The dispensaries serving well as a wholesale supplier of the recreational market.

I want the money going into our community.

#15 Restorium2

Restorium2

    Advanced Member

  • Supporters
  • PipPipPip
  • 5,720 posts

Posted 13 November 2012 - 01:04 PM

Oh but I DO want it to be half legal!

I want anyone to be able to consume but only licensed medical people allowed to grow.

The dispensaries serving well as a wholesale supplier of the recreational market.

I want the money going into our community.

That is a totally ridiculous bait and switch because that's never going to happen. That's what you tell people when you want to lie to them for their support. Maybe get them to do a protest or something under false pretenses. There is absolutely zero chances of medical folks supplying recreational dispensaries. Don't be fooled by the people who lie to you for money.

#16 Highlander

Highlander

    Advanced Member

  • Supporters
  • PipPipPip
  • 1,947 posts

Posted 13 November 2012 - 01:13 PM

If only patients and CGs can grow for the recreational market then demand for MJ would skyrocket. But we would have the same eligible growers as we do today. So the supply lines are the same but demand increases. This drives prices up. If I'm a CG with extra meds why would I go to a farmers market and sell to patients when the recreational market will pay more? How can patients compete price-wise with the recreational market?

#17 zapatosunidos

zapatosunidos

    Advanced Member

  • Administrators
  • 4,614 posts
Contributor

Posted 13 November 2012 - 01:16 PM

Oh but I DO want it to be half legal!

I want anyone to be able to consume but only licensed medical people allowed to grow.

The dispensaries serving well as a wholesale supplier of the recreational market.

I want the money going into our community.


That is a completely bizarre outcome to desire. What would cannabis enforcement look like under those conditions? Think about it.

#18 cristinew

cristinew

    Member

  • Members
  • PipPipPip
  • 3,500 posts

Posted 13 November 2012 - 01:52 PM

100% legal for everyone,,,,,,,,,,,, love to see that,,, then the dispensaries would have to sell booze to make a profit,

#19 TheHarvester

TheHarvester

    Advanced Member

  • Forum Leaders
  • 294 posts
  • LocationMichigan

Posted 13 November 2012 - 02:54 PM

I think whenever it happens it will be approved, but not the landslide people think. 2014 would be cool but it might take more time.

#20 Timmahh

Timmahh

    Silenced for Truths

  • Members
  • PipPipPip
  • 2,483 posts
  • LocationIn your Mind

Posted 13 November 2012 - 07:13 PM

Full out Decriminalization is what is needed. Not Tax, No Regulation, and No line between Cannabis and Hemp. This is the only way, Farmers can benefit from the industrial hemp industry, treat it like any other crop, as it is currently treated here in the us, just not legal to grow/manufacture/process/harvest or farm. This will open the Industry side of agriculture and move into textiles and other textile products, not to mention bio fuels ect....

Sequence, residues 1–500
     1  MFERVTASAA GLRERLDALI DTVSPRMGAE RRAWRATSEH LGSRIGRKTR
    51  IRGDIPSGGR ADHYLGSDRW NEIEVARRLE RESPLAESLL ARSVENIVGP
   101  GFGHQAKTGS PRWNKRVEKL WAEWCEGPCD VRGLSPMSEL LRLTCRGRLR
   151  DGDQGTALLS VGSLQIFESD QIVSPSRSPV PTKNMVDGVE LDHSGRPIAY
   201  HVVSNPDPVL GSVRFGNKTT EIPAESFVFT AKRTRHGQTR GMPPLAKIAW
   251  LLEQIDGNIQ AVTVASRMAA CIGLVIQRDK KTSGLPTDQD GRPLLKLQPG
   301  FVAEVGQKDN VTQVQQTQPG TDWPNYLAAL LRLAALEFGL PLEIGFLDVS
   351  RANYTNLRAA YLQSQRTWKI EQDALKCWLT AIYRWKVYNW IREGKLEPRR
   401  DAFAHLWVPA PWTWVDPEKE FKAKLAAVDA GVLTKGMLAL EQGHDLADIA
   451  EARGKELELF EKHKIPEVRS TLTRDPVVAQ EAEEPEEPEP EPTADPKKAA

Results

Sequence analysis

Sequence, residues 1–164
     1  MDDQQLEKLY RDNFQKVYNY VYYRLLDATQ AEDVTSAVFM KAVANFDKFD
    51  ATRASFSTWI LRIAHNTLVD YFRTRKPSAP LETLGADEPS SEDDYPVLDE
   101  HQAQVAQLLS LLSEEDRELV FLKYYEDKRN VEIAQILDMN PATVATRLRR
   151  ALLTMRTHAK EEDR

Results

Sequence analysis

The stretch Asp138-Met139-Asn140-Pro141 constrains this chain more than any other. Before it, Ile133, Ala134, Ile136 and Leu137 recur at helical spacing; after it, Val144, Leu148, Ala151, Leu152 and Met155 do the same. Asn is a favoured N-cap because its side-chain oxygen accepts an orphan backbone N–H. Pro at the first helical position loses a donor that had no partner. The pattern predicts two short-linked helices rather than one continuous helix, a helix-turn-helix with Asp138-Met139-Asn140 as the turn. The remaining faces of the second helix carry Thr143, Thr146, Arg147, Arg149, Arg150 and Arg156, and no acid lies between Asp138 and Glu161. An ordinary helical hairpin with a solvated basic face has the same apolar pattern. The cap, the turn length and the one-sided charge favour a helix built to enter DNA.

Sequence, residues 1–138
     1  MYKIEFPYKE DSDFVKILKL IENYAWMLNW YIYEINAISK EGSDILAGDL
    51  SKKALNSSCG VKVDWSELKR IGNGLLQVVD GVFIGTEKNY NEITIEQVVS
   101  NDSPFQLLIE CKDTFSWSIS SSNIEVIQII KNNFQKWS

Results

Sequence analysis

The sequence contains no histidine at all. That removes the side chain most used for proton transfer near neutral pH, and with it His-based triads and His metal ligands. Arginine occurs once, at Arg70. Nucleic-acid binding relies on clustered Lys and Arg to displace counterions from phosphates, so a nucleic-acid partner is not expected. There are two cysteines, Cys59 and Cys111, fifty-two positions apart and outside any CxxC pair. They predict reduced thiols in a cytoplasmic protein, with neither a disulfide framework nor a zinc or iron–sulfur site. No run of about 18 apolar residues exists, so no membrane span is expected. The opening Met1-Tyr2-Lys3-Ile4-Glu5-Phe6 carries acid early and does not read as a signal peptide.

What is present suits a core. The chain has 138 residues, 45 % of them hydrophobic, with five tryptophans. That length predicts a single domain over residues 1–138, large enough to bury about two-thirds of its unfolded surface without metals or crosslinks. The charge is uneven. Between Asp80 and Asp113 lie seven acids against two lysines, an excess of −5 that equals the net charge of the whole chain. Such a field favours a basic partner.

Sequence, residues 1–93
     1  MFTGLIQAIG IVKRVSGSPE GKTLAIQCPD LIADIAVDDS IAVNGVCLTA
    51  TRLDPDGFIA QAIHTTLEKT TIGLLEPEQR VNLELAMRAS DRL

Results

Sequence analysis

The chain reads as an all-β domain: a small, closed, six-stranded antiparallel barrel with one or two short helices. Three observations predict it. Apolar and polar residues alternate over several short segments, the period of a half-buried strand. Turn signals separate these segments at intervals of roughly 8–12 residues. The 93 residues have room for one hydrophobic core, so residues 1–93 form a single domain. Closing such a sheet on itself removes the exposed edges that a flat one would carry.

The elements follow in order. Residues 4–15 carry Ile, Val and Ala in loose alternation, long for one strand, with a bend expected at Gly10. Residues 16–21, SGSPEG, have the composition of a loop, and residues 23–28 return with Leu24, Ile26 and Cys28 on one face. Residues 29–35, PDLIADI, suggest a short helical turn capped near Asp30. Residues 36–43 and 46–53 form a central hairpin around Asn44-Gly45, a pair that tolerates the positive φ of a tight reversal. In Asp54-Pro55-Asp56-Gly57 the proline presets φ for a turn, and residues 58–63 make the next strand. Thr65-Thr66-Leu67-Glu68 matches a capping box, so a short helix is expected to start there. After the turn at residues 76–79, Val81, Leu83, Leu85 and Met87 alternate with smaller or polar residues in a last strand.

Michigan residents are not the liberal or financially taxed geographical area, nor does it have the political climate of Ca, Co, Or, or Wa. Michigan is full of conservative, but progressively thinking voting base, we have always looked towards tomorrow as a State Citizenship, and as a Single Group of Statesmen/women. The benefits the 40 billion dollar a year hemp industry could reign down to Michigan Farmers is Astounding, not to mention the ecological benefits hemp farming could bring with it.

We should NOT limit our mindset to that of the west coast, but learn from it. Full out Decriminalization with complete De Scheduling for all Hemp and Cannabis varieties in the Michigan Constitution is what this entire State will benefit from. And the economics of Hemp production to the tune of 40billion a year will not fall on deaf farmers ears when they realize atleast 2 crops per season or one additional crop in an otherwise unused crop plots for 1/2 the season. We need to education our Farmers 1st, and get them, with us to work Stabinow, HARD on this issue.

That is just ONE industry. I am willing to bet, nearly every Nursing and Veterans Associations will get onboard for the Medical benefits of Cannabis. Foot industry will get on board for those wishing to buy a more natural product. Chemical industry can get onboard for all the plastics/celophane/styro and other biproducs of Hemp/Cannabis....

Yes, we can limit ourselves to a narrow margin of the states population to try to get it taxed and regulated like beer and cigs. someday.
Or we can spend the same effort in education to our farming community to what hemp cultivation can bring in terms of financial benefits and ecological benefits as it pertains to the agriculture industry. with the lack of hard chemicals, pesticides ect needed for hemp, compared to Corn/Soy/Cotton ect...It is a Winning angle that will expand the Citizens base of Benefits back to the entire State Citizenry, opposed to those darn stoners, that just want to get high.

To ignore the agricultural angle in Michigan is to walk down a path to assured defeat.




0 user(s) are reading this topic

0 members, 0 guests, 0 anonymous users